Community
cancel
Showing results for 
Search instead for 
Did you mean: 
Highlighted
Beginner
210 Views

Using random library within enclave

Jump to solution

Hello,

I need to generate random numbers (integers or double) and use binomial distribution within an enclave. The user guide mentions that <random.h> is not included for SGX, while a random number can be generated using sgx_read_rand function in <sgx_trts.h>.

First, how do I use sgx_read_rand to generate random integers? It seems only unsigned char is added to the input buffer.

Second, I want to use the binomial_distribution and beta_distribution class available in the standard <random.h>. How do I invoke this within the enclave?

Any help is appreciated.

0 Kudos

Accepted Solutions
Highlighted
210 Views

Hi Swarup,

1. The sgx_read_rand() function populates a buffer with random bytes. To turn these into an integer, you simply populate a buffer of the corresponding size (1 byte for an 8-bit integer, 2 bytes for a 16-bit integer, 4 bytes for a 32-bit integer, and 8 bytes for a 64-bit integer) and recast it to the appropriate integer type.

A quick and easy way of doing this is:
                  uint32_t val; 
                  sgx_read_rand((unsigned char *) &val, 4);  And you have an unsigned, 32-bit random number in val. (Converting that to a number from 0 to N is an exercise for the reader. There are plenty of references online for unbiased algorithms that do this.)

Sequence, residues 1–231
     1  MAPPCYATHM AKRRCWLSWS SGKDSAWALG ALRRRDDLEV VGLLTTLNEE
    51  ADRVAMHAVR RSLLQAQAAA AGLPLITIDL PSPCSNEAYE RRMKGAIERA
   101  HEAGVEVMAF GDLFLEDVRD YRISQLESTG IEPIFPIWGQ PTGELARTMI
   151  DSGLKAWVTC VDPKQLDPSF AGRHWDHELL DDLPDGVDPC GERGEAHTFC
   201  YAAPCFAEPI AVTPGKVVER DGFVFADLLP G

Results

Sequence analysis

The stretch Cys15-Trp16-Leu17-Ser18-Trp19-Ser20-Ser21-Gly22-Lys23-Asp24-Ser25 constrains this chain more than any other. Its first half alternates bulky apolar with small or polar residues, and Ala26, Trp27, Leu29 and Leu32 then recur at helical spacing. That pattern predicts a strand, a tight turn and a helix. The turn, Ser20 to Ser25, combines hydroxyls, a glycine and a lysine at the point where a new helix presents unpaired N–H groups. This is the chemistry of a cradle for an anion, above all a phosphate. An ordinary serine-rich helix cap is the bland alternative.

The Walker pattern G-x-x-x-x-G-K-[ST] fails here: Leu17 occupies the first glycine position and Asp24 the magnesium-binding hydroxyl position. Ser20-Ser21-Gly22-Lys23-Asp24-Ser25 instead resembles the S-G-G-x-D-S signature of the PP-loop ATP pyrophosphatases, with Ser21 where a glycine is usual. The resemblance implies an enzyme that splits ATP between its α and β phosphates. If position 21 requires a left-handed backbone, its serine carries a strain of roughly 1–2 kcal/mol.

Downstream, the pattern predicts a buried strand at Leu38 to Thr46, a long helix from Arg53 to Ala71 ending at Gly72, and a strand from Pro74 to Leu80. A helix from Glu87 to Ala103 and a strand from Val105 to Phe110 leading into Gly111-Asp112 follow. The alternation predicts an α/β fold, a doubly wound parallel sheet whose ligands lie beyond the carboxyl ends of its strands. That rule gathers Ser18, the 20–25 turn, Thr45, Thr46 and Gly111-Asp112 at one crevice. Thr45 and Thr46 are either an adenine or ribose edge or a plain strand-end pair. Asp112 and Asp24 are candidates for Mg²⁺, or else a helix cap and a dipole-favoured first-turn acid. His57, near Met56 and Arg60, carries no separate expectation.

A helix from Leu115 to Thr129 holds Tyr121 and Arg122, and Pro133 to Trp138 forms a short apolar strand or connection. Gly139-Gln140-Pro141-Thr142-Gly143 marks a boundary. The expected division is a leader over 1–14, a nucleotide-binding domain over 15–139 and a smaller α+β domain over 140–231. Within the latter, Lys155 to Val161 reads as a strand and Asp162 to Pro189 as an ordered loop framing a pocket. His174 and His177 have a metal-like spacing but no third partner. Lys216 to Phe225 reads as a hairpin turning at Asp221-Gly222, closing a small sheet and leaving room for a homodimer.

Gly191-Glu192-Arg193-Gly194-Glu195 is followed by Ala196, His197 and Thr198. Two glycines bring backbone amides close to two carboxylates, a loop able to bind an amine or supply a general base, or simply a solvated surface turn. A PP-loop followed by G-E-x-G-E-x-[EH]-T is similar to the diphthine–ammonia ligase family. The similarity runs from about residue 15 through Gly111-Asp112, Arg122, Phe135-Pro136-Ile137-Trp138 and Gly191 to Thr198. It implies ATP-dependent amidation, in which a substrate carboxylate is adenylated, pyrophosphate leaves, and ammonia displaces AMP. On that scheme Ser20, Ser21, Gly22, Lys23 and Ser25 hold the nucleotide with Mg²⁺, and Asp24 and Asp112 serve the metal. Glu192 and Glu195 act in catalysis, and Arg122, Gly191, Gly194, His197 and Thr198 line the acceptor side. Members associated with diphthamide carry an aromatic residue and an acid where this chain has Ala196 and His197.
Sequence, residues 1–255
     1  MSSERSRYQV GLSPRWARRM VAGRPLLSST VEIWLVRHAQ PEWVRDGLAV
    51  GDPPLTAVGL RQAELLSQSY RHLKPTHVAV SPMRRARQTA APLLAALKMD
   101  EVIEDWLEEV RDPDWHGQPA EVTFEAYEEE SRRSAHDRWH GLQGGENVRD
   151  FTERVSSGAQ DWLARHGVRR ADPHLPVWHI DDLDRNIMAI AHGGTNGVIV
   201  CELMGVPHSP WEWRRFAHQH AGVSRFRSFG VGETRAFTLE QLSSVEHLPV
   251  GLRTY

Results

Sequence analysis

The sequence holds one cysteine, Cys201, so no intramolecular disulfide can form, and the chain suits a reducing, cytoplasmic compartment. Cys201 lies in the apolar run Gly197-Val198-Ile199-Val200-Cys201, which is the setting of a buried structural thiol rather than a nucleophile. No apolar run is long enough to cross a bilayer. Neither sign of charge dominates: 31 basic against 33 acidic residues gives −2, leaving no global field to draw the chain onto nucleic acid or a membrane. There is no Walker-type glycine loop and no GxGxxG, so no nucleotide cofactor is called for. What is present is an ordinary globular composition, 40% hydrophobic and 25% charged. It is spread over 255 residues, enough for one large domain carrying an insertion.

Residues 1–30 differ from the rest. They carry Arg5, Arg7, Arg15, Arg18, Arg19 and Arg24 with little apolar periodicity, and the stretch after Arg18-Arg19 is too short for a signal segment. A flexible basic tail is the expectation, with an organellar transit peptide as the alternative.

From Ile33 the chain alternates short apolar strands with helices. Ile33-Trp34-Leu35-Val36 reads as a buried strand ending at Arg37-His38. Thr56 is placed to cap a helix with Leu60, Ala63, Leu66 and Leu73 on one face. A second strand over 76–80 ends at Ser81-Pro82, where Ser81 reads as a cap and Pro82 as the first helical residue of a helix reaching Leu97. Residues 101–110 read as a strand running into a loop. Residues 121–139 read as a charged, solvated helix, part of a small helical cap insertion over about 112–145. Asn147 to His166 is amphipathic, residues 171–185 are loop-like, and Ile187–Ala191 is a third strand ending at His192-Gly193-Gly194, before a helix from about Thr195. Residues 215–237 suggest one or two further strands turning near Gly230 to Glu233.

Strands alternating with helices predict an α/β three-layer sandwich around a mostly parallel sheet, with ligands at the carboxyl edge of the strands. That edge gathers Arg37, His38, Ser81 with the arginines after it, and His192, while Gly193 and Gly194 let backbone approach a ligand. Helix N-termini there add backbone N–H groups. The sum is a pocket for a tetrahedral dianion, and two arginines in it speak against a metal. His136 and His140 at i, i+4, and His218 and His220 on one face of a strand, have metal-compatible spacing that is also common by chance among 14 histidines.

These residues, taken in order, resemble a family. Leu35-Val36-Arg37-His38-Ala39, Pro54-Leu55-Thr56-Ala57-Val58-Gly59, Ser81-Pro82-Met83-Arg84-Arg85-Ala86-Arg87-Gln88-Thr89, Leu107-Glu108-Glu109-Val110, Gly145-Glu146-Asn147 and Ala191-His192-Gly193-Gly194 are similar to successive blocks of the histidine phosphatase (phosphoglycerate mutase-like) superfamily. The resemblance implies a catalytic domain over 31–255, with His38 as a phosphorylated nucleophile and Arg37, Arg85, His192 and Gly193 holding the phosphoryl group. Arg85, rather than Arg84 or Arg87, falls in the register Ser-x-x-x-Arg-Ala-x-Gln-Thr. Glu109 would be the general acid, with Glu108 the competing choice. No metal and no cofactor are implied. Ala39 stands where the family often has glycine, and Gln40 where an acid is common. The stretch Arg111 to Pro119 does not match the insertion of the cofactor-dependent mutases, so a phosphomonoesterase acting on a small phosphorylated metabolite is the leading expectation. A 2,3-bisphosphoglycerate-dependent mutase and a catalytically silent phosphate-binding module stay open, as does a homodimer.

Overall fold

2. std::random is part of the C++11 standard. At this time, enclaves only support the C++03 standard.

Thanks and Reagrds,
Surenthar Selvaraj

View solution in original post

0 Kudos
1 Reply
Highlighted
211 Views

Hi Swarup,

1. The sgx_read_rand() function populates a buffer with random bytes. To turn these into an integer, you simply populate a buffer of the corresponding size (1 byte for an 8-bit integer, 2 bytes for a 16-bit integer, 4 bytes for a 32-bit integer, and 8 bytes for a 64-bit integer) and recast it to the appropriate integer type.

A quick and easy way of doing this is:
                  uint32_t val; 
                  sgx_read_rand((unsigned char *) &val, 4);  And you have an unsigned, 32-bit random number in val. (Converting that to a number from 0 to N is an exercise for the reader. There are plenty of references online for unbiased algorithms that do this.)
 
2. std::random is part of the C++11 standard. At this time, enclaves only support the C++03 standard.

Thanks and Reagrds,
Surenthar Selvaraj

View solution in original post

0 Kudos